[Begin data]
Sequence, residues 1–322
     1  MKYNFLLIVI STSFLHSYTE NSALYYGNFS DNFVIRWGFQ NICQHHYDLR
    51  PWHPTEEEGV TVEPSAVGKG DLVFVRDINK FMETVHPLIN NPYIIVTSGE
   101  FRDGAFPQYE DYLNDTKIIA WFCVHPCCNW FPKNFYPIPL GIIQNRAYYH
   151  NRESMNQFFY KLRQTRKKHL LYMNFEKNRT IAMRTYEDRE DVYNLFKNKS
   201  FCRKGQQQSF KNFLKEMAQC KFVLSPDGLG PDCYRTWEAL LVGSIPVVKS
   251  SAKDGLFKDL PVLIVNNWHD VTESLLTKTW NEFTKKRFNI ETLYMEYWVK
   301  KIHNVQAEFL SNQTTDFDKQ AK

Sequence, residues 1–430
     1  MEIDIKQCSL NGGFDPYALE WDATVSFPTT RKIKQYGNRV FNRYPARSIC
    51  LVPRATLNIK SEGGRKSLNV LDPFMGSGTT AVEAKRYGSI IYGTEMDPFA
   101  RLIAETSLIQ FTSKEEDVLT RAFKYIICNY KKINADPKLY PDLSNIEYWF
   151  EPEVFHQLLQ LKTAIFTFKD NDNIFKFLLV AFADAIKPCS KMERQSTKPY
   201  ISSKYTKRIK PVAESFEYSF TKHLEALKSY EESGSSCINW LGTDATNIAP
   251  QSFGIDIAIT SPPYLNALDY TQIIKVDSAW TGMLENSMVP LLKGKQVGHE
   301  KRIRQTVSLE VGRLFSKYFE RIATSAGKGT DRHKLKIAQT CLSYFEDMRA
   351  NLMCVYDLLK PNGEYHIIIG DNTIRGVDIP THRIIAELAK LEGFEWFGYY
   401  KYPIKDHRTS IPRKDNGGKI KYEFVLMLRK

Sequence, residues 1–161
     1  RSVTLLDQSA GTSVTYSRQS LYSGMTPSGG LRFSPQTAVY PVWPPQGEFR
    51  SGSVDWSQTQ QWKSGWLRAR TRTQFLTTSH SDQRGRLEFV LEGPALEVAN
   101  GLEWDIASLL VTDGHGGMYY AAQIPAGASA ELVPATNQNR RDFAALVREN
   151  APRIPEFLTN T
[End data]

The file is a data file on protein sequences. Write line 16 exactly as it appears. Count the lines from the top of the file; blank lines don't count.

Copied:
   301  KRIRQTVSLE VGRLFSKYFE RIATSAGKGT DRHKLKIAQT CLSYFEDMRA